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REVIEW ARTICLE
9 (
2
); 63-68
doi:
10.53553/JCH.v09i02.003

Public Health Proficiency of Fresh Indian Medical Graduates &Ways and Means of Enhancing it

Prof. (Dr) Ranjan Das, Director Professor & Head, Department of PSM, AIIHPH, MoHFW, Govt. of India, Kolkata - 700 073
CORRESPONDING AUTHOR: Prof. (Dr) Ranjan Das, Director Professor & Head, Department of PSM, AIIHPH, MoHFW, Govt. of India, Kolkata - 700 073 E Mail ID: aiihphpsm@gmail.com

CITATION: Das R. Public Health Proficiency of Fresh Indian Medical Graduates &Ways and Means of Enhancing it. J Comp Health. 2021;9(2):63-68.

Licence
This open access article is licensed under Creative Commons Attribution 4.0 International (CC BY 4.0). http://creativecommons.org/licenses/by/4.0

BACKGROUND

Ministry of Health and Family Welfare, Government of India is committed to achieving Universal Health Coverage (UHC) for its entire 1.4 billion population living in our 6.6 lakh plus villages and nearly 3000 towns/ cities. Delivery of UHC is predominantly dependent upon our primary health care system of which human resources for health (HRH) forms a crucial component. The HRH responsible for delivering primary health care comprises of a team of about 40 individuals consisting of two Health Assistants, ten to twelve Multipurpose Health Workers (Female and Male) and about thirty ASHA Volunteers besides one or two Medical Officer/s.

The Medical Officer (MO) stationed at the Primary Health Centre (PHC) is tasked with the responsibility of providing not just supportive supervision but also technical leadership on all aspects of preventive, promotive and curative care at individual level including public health aspects and national health programmes(1) Park. This HRH team under the leadership of the PHC MO caters to the health needs of ~30,000 inhabitants residing within the jurisdiction of the PHC and its five to six Health and Wellness Centres (HWC). Most of the health care services delivered at the primary health care level revolves around our national health programmes viz. RMNCH+A, NVBDCP, RNTCP, NLEP, NACP, NPCDCS, NPCB&VI, safe water and sanitation, etc. as provided under the Indian Public Health Standards (IPHS) for PHC(2) IPHS. Proficiency in public health on the part of the PHC MO, therefore, becomes crucial without which it may not be feasible to achieve effective Universal Health Coverage at the grassroot level.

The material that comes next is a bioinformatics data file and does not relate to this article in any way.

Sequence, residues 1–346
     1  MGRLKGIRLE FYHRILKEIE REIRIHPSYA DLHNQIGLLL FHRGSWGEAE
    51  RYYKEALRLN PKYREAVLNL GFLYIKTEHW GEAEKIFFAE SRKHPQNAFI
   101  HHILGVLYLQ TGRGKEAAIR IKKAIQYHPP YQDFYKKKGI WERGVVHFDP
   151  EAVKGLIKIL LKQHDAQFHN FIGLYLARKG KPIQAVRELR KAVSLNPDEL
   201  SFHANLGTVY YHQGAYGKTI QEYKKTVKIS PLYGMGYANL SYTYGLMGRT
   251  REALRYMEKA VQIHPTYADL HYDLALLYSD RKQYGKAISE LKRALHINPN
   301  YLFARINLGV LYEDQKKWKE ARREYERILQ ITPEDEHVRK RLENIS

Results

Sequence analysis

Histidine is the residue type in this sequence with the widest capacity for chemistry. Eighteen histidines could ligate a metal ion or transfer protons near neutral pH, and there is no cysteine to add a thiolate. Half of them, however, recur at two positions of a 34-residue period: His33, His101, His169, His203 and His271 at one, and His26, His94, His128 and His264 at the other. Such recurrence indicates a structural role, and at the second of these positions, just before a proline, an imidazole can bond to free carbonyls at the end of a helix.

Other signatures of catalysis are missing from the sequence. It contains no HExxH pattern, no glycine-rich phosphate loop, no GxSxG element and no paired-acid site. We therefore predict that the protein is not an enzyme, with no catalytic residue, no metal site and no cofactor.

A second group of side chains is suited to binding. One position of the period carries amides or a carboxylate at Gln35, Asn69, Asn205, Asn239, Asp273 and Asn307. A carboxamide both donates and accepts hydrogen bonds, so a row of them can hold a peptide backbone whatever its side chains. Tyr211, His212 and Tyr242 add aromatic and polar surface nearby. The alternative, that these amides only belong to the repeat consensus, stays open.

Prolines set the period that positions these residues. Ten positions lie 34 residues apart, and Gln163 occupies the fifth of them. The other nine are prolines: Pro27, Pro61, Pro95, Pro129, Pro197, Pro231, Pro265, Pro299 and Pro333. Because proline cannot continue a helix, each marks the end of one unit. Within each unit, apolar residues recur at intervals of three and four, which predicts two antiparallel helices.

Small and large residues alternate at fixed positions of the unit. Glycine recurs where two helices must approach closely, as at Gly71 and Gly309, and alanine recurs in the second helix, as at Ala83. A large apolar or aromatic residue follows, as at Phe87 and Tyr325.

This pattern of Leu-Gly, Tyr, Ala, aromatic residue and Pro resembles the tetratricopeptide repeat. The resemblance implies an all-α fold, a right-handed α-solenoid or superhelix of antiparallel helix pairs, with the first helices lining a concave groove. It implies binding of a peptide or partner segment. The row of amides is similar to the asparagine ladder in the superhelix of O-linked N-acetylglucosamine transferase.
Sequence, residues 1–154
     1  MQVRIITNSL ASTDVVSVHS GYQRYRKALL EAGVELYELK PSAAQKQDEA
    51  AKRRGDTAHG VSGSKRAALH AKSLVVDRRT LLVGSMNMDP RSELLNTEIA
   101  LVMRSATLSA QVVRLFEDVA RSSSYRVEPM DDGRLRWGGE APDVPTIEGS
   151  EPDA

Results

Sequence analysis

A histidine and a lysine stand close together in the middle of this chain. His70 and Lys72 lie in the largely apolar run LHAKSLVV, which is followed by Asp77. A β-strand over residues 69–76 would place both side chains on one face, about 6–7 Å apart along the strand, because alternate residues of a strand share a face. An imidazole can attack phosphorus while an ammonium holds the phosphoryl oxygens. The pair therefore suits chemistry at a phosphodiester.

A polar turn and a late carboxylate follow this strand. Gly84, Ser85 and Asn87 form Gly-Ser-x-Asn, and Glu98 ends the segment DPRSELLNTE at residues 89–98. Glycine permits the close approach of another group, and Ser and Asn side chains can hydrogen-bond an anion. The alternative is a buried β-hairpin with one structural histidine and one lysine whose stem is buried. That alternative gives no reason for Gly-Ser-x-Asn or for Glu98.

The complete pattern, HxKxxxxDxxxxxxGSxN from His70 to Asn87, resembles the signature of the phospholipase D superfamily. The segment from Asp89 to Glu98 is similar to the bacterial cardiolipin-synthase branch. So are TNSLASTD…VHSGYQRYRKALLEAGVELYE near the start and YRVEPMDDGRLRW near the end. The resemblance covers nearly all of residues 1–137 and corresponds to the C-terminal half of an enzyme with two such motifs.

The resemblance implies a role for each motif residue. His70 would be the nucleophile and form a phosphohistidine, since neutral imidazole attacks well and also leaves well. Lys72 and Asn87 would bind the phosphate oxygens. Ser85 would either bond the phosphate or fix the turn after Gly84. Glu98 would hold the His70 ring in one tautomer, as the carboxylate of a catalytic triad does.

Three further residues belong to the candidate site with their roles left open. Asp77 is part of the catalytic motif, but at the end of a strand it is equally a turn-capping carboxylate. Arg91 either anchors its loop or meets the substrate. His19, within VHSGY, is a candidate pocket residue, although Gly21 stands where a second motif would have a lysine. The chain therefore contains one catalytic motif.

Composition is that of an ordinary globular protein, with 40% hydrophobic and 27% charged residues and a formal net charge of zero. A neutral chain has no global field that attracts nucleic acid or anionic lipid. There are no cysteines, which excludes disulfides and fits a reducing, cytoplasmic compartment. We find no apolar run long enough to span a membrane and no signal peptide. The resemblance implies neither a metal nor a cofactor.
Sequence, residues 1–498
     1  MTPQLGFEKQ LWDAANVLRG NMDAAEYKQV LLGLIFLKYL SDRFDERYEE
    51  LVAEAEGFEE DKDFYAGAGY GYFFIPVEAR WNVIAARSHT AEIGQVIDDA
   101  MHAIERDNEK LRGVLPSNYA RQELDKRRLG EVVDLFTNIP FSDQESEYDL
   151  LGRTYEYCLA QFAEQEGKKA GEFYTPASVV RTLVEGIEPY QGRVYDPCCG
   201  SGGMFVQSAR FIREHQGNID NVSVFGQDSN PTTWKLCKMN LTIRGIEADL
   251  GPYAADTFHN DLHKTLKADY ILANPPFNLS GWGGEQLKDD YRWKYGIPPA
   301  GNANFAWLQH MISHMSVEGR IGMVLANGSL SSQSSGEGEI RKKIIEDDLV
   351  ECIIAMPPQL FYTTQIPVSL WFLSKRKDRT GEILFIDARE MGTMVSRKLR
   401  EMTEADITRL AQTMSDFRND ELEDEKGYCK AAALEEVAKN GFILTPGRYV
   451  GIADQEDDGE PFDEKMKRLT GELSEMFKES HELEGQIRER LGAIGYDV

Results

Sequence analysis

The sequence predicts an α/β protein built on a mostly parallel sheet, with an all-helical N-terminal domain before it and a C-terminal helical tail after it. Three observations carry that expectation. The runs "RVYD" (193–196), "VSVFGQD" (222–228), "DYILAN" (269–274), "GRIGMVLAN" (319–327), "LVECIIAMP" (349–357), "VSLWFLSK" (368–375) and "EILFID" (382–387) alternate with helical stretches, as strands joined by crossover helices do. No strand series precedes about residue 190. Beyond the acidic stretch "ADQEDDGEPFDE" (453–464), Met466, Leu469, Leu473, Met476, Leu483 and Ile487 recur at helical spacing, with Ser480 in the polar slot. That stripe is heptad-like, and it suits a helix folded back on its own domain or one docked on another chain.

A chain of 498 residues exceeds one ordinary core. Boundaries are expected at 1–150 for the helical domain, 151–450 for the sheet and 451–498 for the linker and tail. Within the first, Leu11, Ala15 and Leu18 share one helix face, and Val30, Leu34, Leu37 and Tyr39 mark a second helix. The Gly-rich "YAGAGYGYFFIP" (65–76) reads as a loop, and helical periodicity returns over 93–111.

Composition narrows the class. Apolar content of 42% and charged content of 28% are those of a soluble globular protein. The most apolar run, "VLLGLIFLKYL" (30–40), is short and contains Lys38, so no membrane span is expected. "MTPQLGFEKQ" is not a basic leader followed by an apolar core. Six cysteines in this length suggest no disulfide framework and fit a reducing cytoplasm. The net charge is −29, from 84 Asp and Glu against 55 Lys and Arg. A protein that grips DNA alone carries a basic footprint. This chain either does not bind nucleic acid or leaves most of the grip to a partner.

It is however, common knowledge that the average PHC MO, most of whom are fresh graduates of modern medicine, do not possess the required public health proficiency so essential to lead the primary health care team of forty-plus individuals for effective Universal Health Coverage. It therefore, becomes a dire necessity to assess the reasons for lack of public health proficiency in our fresh medical graduates and how this shortcoming can be rectified. This article aims at examining this very issue and suggest a workable yet effective solution.

PUBLIC HEALTH PROFICIENCY OF FRESH INDIAN MEDICAL GRADUATES